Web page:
New Decade, New Ways to Pay: Will the 2020s Bring a Cashless Society?
With the rising number of cashless payment options available, such as digital wallets, wearables, and mobile pay apps for every kind of purchase, it may seem that the United States is well on its way to becoming a cashless society.
This is somewhat true, in that cashless transactions are rising in popularity each year. According to Square, fewer and fewer Americans are using cash—even for their smallest purchases. While 46% of purchases under $20 were paid in cash in 2015, just 37% were paid in cash in 2019.
On top of that, the Federal Reserve has reported that over 80% of transactions are through cashless options like credit and debit cards, digital wallets, and wearables, among other payment methods. This makes sense, as cashless payment types are simple to use and often more convenient than having to withdraw cash from an account.
But will the United States go as far as becoming a completely cashless society? Probably not anytime soon— and here’s why.
A cashless society would be exclusionary
While most Americans do have cashless options like credit and debit cards, this simply isn’t the case for everyone. In 2018, the Federal Reserve estimated that there were 55 million unbanked or underbanked Americans, accounting for 22% of households.
A cashless society would mean that the millions of underbanked and unbanked U.S. residents would struggle to find ways to pay for even the most basic goods and services. In that way, a cashless society would be inherently classist.
Furthermore, the hardships of a cashless society would disproportionately impact people and communities of color. A 2017 Federal Deposit Insurance Corporation found that 16.9% of black households and 14% of Hispanic households were unbanked in 2017, compared to just 3% of white households.
Pushback against the trend towards a cashless society
Some cities and states have taken active steps to be inclusive of those without access to other payment options. For example, Philadelphia became the first city in the nation to pass a law banning cashless stores and restaurants in February 2019.
Others have since followed suit, with New Jersey and San Francisco passing similar measures prohibiting cashless businesses in March and May, respectively. New York City is set to vote on its own bill in the upcoming year.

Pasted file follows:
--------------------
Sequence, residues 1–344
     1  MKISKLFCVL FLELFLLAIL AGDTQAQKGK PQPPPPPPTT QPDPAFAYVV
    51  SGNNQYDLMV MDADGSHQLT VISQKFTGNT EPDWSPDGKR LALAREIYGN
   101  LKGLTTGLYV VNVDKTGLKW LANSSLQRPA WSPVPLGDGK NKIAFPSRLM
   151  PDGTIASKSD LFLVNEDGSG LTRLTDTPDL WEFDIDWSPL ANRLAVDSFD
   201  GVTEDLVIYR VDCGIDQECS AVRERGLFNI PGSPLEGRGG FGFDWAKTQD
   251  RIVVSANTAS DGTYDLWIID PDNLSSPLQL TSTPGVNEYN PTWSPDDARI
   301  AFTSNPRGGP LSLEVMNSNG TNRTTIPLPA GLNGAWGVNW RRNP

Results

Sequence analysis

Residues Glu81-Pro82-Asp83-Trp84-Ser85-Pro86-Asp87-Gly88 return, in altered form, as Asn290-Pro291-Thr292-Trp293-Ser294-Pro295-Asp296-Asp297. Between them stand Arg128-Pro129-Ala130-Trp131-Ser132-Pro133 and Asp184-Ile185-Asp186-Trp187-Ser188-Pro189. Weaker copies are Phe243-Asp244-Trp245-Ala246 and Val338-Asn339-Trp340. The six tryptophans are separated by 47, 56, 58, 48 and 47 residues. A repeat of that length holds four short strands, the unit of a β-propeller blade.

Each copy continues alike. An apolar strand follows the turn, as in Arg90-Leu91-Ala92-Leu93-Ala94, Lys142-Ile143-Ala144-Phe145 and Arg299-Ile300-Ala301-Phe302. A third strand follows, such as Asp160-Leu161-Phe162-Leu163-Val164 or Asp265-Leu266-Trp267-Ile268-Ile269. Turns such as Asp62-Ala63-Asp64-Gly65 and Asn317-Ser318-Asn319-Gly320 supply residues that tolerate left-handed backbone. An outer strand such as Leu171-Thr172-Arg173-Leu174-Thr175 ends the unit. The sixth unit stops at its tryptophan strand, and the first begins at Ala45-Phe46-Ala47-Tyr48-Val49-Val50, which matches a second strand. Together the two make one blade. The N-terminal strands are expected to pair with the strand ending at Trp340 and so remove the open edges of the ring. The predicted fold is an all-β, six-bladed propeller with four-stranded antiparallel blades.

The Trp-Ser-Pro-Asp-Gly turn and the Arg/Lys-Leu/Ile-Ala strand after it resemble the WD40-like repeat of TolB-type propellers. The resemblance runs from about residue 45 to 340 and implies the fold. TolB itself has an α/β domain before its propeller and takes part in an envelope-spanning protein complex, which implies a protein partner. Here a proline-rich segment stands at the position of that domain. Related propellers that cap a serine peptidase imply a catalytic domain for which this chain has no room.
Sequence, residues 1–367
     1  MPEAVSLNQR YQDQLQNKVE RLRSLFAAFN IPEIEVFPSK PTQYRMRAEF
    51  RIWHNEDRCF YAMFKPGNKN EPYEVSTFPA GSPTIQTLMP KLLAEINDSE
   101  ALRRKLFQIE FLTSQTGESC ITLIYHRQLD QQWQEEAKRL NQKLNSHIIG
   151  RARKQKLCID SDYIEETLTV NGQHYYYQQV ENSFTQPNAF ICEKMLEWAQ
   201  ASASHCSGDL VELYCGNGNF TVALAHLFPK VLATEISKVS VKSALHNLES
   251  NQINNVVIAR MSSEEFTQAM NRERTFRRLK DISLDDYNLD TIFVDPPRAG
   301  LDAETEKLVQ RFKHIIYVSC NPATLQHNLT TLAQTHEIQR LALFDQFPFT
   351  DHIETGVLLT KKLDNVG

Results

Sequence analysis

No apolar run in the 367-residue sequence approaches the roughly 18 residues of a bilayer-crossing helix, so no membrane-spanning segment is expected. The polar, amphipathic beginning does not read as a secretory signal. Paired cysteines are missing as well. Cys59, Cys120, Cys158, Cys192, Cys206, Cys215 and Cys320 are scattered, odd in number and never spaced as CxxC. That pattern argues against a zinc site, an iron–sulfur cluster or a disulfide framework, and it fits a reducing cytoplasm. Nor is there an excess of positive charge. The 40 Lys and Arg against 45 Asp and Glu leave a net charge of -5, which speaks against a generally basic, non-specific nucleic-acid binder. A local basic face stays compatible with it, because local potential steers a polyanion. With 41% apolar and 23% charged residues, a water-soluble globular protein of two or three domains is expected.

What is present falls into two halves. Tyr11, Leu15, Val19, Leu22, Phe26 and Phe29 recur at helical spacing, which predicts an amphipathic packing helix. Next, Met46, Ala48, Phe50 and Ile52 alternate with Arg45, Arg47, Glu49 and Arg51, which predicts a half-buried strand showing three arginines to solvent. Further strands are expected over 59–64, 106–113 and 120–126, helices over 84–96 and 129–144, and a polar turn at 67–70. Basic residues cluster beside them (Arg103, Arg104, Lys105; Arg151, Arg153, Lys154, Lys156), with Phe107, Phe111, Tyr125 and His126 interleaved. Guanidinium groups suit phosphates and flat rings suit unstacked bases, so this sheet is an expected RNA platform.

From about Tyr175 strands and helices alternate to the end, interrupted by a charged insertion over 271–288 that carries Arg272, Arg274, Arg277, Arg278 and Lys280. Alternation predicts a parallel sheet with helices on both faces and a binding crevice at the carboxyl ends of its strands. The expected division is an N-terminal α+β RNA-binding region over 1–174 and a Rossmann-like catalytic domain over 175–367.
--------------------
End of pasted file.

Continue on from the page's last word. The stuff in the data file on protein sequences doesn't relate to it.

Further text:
Additionally, companies like Amazon have made efforts to accommodate cash-using customers. Amazon Paycode, which was launched in the U.S. in September, allows customers to purchase items on Amazon online then pay in cash at Western Union.
Cashless has its perks, too— new ways it’s expanding
The rise in popularity of cashless payment methods are indicative, however, of the perks that they bring. Many consumers don’t carry cash anymore, and paying with a card, through an app, or with a wearable enhances the customer experience by maximizing convenience. Therefore, even if a cashless society isn’t quite on the horizon, people can still expect an increase in the cashless payment types available.
The Salvation Army’s decision to accept mobile donations is a great example of a recently adopted cashless solution that benefits consumers by making donating more convenient. The 2019 holiday season was the first that individuals could use their phones to donate to the Salvation Army’s annual red kettle campaign. To do so, consumers simply scan a QR code with a smartphone at the site of the red kettle, then submit a donation using Apple or Google Pay.
Another relatively new cashless initiative is Amazon Go brick-and-mortar convenience stores, which use cutting-edge technology and cameras to offer customers a seamless shopping experience. Customers can simply walk in to an Amazon Go store, pick out the items they want to purchase, and leave. As they exit, the purchase is automatically charged to their Amazon Go account.
The first Amazon Go store opened for business in January 2018, and there are now 20 established and announced locations in Seattle, Chicago, San Francisco, and New York City. To accommodate the cashless business ban within the city, Amazon Go locations in San Francisco also accept cash through an attendant who checks out customers without the app.
Expect more cashless options, but don’t say goodbye to cash
Though it is highly unlikely that the United States will become a fully cashless society anytime soon, people can still expect cashless options to expand as new payment technologies and solutions are created. This will allow the trend toward cashless to continue, while ensuring that those without alternative payments methods are not forced to jump through hoops to make purchases.